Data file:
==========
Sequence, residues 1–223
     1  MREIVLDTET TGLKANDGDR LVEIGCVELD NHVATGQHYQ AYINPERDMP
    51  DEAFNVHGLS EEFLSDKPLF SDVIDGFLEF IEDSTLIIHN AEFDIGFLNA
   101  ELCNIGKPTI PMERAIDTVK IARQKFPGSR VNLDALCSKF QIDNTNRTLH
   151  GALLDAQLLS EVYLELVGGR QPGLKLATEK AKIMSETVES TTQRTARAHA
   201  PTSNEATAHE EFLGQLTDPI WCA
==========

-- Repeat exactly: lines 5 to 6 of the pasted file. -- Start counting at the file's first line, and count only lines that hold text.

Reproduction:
   151  GALLDAQLLS EVYLELVGGR QPGLKLATEK AKIMSETVES TTQRTARAHA
   201  PTSNEATAHE EFLGQLTDPI WCA